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Related to administrivia: administrative, Administrative Assistant


In business, a slang term for mundane matters (such as filling out forms) that managers do not want or simply refuse to do. Secretaries and lower-ranking managers may handle administrivia.
Farlex Financial Dictionary. © 2012 Farlex, Inc. All Rights Reserved


Slang term meaning the nondeal points contained in small print in documents written by lawyers,especially seemingly nonsensical items such as “The masculine shall include the feminine and the singular shall include the plural.”

The Complete Real Estate Encyclopedia by Denise L. Evans, JD & O. William Evans, JD. Copyright © 2007 by The McGraw-Hill Companies, Inc.
References in periodicals archive ?
By focusing only on high-value, administrative activities closely tied to organizational or departmental objectives, in-house counsel capitalizes on his or her legal training, driving a better informed and more expeditious result, and frees him or herself from the burden of low-value administrivia, thereby "creating" more time for purely legal work.
The desktop manager, however, is convinced that performing efficiently in all manner of administrivia can mask inadequate people management.
"If we're spending less time on the 'administrivia' end of things," he adds, "then there's more time and energy going into teaching and learning and student achievement."
Many of the mundane operations that once relegated the HR director to being a custodian of such administrivia as defined contribution and benefits administration, health ant welfare benefits, and relocation services can now be outsourced, freeing up time to concentrate on strategic functions, such as recruiting and retaining talent, training and development, organization design and execution.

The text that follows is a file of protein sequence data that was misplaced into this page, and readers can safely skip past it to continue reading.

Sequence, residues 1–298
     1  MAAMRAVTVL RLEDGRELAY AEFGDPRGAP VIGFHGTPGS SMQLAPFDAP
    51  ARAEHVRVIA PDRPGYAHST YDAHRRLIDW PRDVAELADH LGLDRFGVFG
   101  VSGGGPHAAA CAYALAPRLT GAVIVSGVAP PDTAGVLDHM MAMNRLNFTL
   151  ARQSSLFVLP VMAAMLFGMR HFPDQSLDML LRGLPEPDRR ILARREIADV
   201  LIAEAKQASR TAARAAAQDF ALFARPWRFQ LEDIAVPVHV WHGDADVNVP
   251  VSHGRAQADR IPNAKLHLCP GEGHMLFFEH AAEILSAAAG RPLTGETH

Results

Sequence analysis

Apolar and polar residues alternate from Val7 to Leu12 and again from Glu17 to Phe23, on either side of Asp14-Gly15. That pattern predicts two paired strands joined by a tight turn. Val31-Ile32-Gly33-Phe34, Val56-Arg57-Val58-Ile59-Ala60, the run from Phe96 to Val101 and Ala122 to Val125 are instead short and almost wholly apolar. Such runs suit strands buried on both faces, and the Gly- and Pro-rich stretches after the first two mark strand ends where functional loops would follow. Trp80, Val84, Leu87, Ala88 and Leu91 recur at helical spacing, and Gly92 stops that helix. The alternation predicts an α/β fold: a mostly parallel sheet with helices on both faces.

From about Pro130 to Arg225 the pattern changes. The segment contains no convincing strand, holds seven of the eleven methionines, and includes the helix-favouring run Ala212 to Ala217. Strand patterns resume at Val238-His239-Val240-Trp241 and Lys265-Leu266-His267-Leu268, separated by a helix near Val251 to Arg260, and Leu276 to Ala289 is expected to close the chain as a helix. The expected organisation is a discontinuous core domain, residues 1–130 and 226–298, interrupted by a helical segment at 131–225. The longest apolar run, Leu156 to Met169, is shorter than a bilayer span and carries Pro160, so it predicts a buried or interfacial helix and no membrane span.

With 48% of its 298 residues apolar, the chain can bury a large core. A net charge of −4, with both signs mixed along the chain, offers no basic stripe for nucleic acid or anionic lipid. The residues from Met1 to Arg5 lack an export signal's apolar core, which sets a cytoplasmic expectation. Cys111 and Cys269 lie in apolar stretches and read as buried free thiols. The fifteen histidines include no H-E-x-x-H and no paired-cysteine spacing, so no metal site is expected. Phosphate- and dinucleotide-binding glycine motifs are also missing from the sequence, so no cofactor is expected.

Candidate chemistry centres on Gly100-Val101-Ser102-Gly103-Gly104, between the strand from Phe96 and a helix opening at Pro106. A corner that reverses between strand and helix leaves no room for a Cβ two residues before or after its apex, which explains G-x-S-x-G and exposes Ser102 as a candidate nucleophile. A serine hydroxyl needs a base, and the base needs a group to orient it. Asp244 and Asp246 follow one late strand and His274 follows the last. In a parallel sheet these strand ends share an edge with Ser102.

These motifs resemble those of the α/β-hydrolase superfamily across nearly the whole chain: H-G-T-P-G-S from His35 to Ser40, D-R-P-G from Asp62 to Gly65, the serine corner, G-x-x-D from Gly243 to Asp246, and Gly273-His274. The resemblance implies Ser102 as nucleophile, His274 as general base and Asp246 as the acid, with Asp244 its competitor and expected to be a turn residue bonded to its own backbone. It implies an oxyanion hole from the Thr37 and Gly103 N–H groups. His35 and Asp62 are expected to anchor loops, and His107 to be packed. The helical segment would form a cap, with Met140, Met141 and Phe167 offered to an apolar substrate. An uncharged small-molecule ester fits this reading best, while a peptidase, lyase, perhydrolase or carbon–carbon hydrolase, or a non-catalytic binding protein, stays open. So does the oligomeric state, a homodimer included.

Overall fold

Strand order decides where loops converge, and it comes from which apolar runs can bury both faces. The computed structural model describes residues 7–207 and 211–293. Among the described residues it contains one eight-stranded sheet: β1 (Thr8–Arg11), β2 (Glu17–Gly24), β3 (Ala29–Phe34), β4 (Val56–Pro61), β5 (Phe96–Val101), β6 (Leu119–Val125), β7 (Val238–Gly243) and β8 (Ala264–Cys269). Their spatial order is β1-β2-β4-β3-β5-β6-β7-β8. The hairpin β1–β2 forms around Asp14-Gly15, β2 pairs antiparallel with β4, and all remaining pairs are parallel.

These two issues are salary and the day to day stress of dealing with students, 'administrivia' and staying positive and balanced.
* Fulfill their oversight responsibilities without becoming mired in "administrivia."
One reason is that regulatory policy always gives rise to a tension between the need to protect and the desire to improve flexibility and reduce the costs and burden of "administrivia." For example, how specific should regulations be concerning the number and skills of staff, their training, their relationships with referring professionals, their handling of pharmaceuticals, their physical plans, the food they serve and so on?
Whatever the outcome, the issues for the defense industrial base are fairly constant: The need to maintain and increase R&D, the need for continued prototyping and fielding of advanced capability systems, the need to maintain competition, the need to continue rational consolidation in the interest of efficiency and the survival of critical industrial capability, the need to advocate and maintain adequate levels of profitability in the industrial base, a rededication to acquisition reform and a continued search for better balancing of responsibilities between the private sector and government through better partnering, outsourcing and privatization-with models that stress innovation over process and "administrivia."
These days, the best volunteers--those all-important thought leaders--demand more than dog-and-pony shows and endless discussions of "administrivia." They will only contribute their expertise if they have an opportunity to truly make a difference.
Every option of every step gets at least a sentence or two, from "administrivia" such as labeling and annotating manuscripts and correspondence and organizing and packaging materials for filing, to procedures for handling, for example, conflicting reviews, uncomplimentary author responses to reviews, and the offering of choices based on editorial decisions.